I have two ewes and we get 2-3 lambs for the freezer from them every year. I stake them out on my lawn or sometimes set up a temporary electric fence to restrict them from eating everything. Then, when my orchards are dormant (no leaves to eat), they clean most of the weeds up. As you can imagine, there are lots of issues doing this, so I'd like to hear from others that are doing similar things.
I did it for two or three years on an acre of land with almost half in orchard and other parts with gardens. The gardens were fenced off and the acre had a perimeter fence, so they had free range of all other areas. In the winter I confined them to give the pasture/lawn a rest and just used a sacrifice area...usually one of the fenced in garden areas.
I utilized hair sheep and was very pleased with the breed aspects and the results on the lawn and orchard. They kept the fallen fruits eaten~along with one of my dogs who was crazy about apples~ and I also stored some of the apples for their use later in the winter. They also cleaned up the gardens in the fall and I used fermented pumpkins to supplement their winter feed, as well as my corn stalks to provide some roughage.
The last year I set them up with a self-feeding station and I loved that idea as well.
This all saved me money, saved wear and tear on my old John Deere and it kept my lawn plush and green. Fruit and garden leftovers that would have gone to waste were utilized as feed and the sheep worked well with the dogs and chickens for a harmonious flock. Quirky, fun and intelligent, they were my favorite livestock to keep. Easy care, healthy, thrived well on all natural husbandry and were a 100% success for the intended purpose.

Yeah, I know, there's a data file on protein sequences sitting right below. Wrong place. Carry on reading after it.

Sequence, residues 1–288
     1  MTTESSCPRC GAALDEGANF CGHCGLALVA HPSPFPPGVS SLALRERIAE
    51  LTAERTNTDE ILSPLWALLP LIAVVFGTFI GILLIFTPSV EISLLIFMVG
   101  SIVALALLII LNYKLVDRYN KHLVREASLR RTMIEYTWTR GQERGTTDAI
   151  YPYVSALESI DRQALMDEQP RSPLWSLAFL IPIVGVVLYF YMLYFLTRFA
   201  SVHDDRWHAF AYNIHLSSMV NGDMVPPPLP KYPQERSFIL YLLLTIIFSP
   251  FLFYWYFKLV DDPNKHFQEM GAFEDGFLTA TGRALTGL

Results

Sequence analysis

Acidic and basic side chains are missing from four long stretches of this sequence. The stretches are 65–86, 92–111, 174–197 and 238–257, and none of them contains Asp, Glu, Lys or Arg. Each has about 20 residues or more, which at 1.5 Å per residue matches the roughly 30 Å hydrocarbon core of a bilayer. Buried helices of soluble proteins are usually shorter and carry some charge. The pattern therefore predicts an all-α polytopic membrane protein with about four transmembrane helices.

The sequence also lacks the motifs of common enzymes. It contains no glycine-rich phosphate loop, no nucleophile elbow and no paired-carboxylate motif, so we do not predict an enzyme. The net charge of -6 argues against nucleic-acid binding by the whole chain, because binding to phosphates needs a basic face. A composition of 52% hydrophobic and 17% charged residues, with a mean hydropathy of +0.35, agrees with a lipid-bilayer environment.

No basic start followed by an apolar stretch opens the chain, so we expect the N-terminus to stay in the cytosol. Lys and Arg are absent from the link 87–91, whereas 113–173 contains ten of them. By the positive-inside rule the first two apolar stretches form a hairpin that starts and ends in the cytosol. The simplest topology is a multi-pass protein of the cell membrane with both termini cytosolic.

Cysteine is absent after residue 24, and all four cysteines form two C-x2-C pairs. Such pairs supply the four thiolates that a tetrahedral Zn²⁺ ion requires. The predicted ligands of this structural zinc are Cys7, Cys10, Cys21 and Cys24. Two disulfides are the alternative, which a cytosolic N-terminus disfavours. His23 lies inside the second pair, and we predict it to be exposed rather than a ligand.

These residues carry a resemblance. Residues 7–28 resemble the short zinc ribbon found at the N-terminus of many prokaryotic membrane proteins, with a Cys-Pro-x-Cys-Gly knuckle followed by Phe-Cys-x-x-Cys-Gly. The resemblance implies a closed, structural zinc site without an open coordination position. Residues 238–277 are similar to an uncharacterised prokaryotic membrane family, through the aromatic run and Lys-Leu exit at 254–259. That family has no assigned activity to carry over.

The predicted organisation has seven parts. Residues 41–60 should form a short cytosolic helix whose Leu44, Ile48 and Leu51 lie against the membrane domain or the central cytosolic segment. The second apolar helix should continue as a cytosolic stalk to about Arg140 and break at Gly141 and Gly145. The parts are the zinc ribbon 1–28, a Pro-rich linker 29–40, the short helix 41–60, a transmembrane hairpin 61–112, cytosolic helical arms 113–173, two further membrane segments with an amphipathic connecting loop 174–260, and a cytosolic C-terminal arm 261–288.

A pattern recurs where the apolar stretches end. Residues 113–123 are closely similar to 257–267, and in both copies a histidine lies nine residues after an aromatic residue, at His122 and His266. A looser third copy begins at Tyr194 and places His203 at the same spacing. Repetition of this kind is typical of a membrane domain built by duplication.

I could not agree with you more. I always wonder how lawnmowers were even sold in rural areas. I spent a whole lot of money on fencing, but it sure is nice to open the gate rain or shine and watch them work. My winter hay bill does not even come close to what I'm saving on gas. I can spend that time I would of spent on the lawn mower on other projects.
My grandmother did this. She and grandpa moved to a small rural town from their 300 acre farm in the early sixties and she kept two sheep on the lawn with the garden and fruit fenced off. I don't know what breed they were...I remember people talking about her for being eccentric. It was a white picket fence...old victorian house with two beautiful white sheep wandering around. She was my idol...she raised bees and supplied honey to the local schools, she took all of the furniture out of the 'parlor' and brooded eggs for all of the neighbrs...she was a very early subscriber to Rodale's Organic gardening and Prevention magazines. She got her college degree, taught school and hitched up the team of horses for the buggy to get there and back in her twenties...she didn't have kids until her thirties...wish I had had more time with her. Permaculture would have struck her as so obvious.
"We're all just walking each other home." -Ram Dass
"Be a lamp, or a lifeboat, or a ladder."-Rumi
That's my plan too. I'm buying an 8 acre property on Friday, and I'm not planning on buying a lawnmower at all. I've got a flock of 20 hair sheep and I plan on putting them to work keeping all the open areas open with rotational grazing. Glad to see someone else has used fruit and pumpkin strategy to suppliment, I've done that a little on my rental land, but now I will be able to GROW my own supplimental feed, and I'm putting in willow and poplar as well. Would love to cut my winter feed/hay bill in half for my flock. If I get ambitious maybe even more than that. Plan on utilizing hedges and fencerows to grow a variety of fruit and veggies that will feed me, the sheep, rabbits, chickens, as well as a bit left over to add to my meat based farm shares.
10 Podcast Review of the book Just Enough by Azby Brown